A happy mishap has seen me end up reading a book I never intended to buy. When I tried to order Anita Roddick's second autobiographical business book "Business as Unusual", I struggled to order it online. Despite finding it on a number of websites, it seems to be out of print with originals rarer than gold dust. I eventually managed to put in an order, but when I opened up the package days later the book that had been dispatched was her first: "Body and Soul".
I was initially disappointed, having been particularly interested in the decisions she made to sustain her business in the expansion that followed its early success, but reading about the beginnings of The Body Shop has possibly been one of the best things to happen to me.
There are lots of reasons to admire Anita Roddick as an activist and entrepreneur, and after I'm further on in the book I'll probably post about those things. But having read the first three chapters, I've been forcefully struck by the fact that Roddick doesn't seem to have set out to be those things - she was simply determined to be herself in the circumstances she found herself in. Her business plan was the accumulation of adventure, experience, intuition and necessity.
The shop's dark green branding came from the need to cover up damp patches on the walls of her first premises. Her knowledge of and commitment to natural ingredients in cosmetics was founded in the lessons she learnt in conversation on her travels as a "restless spirit". Her customer care ethos and work ethic can be traced to her mother's work and Roddick's own experience running a hotel and restaurant with her husband. I won't ruin the magic by listing it all here; it's infinitely better in her own words. Suffice to say that as the 'plot' unfolds over eighty pages, it's easy to see that nothing is wasted - every haphazard thing from family and personal passions to setbacks and flaws played their part.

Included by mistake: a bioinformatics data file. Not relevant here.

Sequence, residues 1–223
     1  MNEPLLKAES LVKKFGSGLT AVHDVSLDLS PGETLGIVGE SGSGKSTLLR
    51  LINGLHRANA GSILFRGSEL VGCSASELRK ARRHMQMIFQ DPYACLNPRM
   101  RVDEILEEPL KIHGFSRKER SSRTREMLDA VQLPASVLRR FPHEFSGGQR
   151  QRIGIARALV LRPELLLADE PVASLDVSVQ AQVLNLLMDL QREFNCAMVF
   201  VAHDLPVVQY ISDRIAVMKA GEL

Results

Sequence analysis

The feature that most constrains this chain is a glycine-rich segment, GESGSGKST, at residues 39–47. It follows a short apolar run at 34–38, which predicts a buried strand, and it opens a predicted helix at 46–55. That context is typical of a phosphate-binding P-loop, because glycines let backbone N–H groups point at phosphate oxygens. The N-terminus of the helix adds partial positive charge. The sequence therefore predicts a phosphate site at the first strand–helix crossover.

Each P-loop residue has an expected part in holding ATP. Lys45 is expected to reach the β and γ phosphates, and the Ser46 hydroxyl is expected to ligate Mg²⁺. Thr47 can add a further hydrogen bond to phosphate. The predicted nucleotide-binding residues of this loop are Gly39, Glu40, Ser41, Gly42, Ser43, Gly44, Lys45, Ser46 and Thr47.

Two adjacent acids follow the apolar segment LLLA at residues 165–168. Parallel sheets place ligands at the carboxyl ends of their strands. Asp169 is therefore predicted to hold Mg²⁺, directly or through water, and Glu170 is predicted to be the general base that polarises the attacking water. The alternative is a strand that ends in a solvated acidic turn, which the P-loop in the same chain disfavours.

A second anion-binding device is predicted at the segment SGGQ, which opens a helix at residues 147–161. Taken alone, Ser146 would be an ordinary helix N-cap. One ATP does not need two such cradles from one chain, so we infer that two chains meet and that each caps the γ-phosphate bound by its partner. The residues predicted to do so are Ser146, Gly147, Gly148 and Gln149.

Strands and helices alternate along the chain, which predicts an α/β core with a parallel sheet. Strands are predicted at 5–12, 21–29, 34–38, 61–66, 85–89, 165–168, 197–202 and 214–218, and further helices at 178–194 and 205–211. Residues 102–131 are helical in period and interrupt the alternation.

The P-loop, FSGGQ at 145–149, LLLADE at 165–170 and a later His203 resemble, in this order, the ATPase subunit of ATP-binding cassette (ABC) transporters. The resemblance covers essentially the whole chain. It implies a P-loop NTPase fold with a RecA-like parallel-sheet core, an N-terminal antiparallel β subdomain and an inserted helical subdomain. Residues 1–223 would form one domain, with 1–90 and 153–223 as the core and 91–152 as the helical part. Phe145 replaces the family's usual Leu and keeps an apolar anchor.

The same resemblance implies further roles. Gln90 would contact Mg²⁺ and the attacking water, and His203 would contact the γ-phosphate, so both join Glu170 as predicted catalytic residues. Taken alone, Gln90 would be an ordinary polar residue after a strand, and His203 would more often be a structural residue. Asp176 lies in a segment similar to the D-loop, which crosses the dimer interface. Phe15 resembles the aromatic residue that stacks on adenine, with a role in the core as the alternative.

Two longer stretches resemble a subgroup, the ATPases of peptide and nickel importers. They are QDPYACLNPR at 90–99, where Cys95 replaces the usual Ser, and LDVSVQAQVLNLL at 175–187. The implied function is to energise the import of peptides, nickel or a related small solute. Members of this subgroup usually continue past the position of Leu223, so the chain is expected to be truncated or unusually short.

Reading a book I didn't intend to is teaching me a lesson I personally find incredibly difficult to learn: we can't plan everything. What's more important than the 10-step career plan or list of life goals is being attentive - even in the minutiae - because we never know when we'll have the opportunity to draw on what seemed insignificant and see it grow into something great.